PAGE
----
You’ve probably heard that it’s illegal to open a letter that was written to someone else, and this is true. In fact, it’s a felony. This is all laid out in a federal statute called 18 USC Section 1702. It’s been illegal in Ohio—and the rest of the United States—for years.
However, one of the key things that you should know is that you have to intend to open that person’s mail for it to be a crime. If you’re ignorant of what you’re doing, you’re not breaking the law. That means that the burden of proof would be on the prosecution to show that you did it intentionally.
For example, you could get six letters in the mail. The first five in the stack may actually be addressed to you. Since it’s your home or business, you’re already assuming the letters are for you, so you might not look very closely at what’s written on the front of the envelopes. Instead, you’ll just quickly start opening them, one by one.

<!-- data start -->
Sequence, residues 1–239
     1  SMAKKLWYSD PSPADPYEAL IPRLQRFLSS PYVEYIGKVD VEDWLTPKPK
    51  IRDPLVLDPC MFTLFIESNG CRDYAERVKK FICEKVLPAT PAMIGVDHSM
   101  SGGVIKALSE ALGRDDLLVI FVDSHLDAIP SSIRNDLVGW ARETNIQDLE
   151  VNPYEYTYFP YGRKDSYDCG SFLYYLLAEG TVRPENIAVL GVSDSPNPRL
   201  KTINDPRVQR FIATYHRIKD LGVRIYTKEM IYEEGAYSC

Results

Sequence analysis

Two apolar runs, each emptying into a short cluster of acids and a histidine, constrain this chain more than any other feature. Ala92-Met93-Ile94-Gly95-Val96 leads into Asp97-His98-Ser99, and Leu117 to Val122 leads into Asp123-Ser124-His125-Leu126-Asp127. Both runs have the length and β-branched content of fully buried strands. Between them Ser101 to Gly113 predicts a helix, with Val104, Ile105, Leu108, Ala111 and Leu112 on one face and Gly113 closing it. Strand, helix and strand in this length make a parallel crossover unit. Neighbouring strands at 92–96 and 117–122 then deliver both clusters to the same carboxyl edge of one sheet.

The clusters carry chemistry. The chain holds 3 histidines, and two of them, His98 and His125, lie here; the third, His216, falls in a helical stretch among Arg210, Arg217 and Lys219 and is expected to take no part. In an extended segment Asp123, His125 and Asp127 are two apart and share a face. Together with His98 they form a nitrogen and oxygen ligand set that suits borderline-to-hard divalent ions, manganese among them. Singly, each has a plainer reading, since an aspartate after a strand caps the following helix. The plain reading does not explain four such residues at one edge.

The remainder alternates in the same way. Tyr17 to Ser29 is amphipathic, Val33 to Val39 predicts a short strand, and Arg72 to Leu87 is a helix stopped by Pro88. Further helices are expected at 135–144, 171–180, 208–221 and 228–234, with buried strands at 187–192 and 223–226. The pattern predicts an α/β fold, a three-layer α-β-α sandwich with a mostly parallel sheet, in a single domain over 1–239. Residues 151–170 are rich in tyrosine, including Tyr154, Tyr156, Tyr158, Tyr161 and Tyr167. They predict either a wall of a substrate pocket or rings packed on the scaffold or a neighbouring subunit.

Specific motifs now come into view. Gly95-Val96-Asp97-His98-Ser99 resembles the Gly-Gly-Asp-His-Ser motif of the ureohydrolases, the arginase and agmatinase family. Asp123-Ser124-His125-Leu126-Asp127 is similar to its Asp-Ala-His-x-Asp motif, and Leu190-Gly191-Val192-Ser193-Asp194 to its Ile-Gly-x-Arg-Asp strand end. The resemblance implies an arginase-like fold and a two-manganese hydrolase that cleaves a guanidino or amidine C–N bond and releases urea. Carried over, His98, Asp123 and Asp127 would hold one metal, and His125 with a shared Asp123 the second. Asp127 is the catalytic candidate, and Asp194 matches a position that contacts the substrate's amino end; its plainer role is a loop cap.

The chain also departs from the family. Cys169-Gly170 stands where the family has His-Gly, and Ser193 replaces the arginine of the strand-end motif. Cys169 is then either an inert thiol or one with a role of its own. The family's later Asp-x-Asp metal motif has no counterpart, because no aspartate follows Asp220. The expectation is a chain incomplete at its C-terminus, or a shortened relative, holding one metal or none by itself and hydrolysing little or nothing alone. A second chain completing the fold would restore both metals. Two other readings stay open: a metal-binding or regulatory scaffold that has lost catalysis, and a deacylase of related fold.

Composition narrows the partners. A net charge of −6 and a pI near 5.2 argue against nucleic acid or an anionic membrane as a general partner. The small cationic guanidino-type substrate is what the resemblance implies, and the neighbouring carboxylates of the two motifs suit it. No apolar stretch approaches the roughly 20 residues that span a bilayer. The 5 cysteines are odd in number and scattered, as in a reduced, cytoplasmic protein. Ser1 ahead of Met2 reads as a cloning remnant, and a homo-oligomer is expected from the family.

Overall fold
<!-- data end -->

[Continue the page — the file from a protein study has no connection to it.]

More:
If that sixth envelope is addressed to someone else, it would be easy to rip it open and start reading before you realize what you’ve done. When this happens, don’t worry. You have not committed a federal crime.
The law is written this way because there’s a very large difference between the situation described above and going out to your neighbor’s mailbox to intentionally take his or her letters after they are dropped off. The penalties are not the same for both, as accidents do happen.
If you’re accused of opening another person’s mail, be sure you know where the burden of proof lies.
Source: The Law Dictionary, “What Is The Federal Law For Opening Mail Not Addressed To You?,” J. Hirbyand, accessed April 15, 2016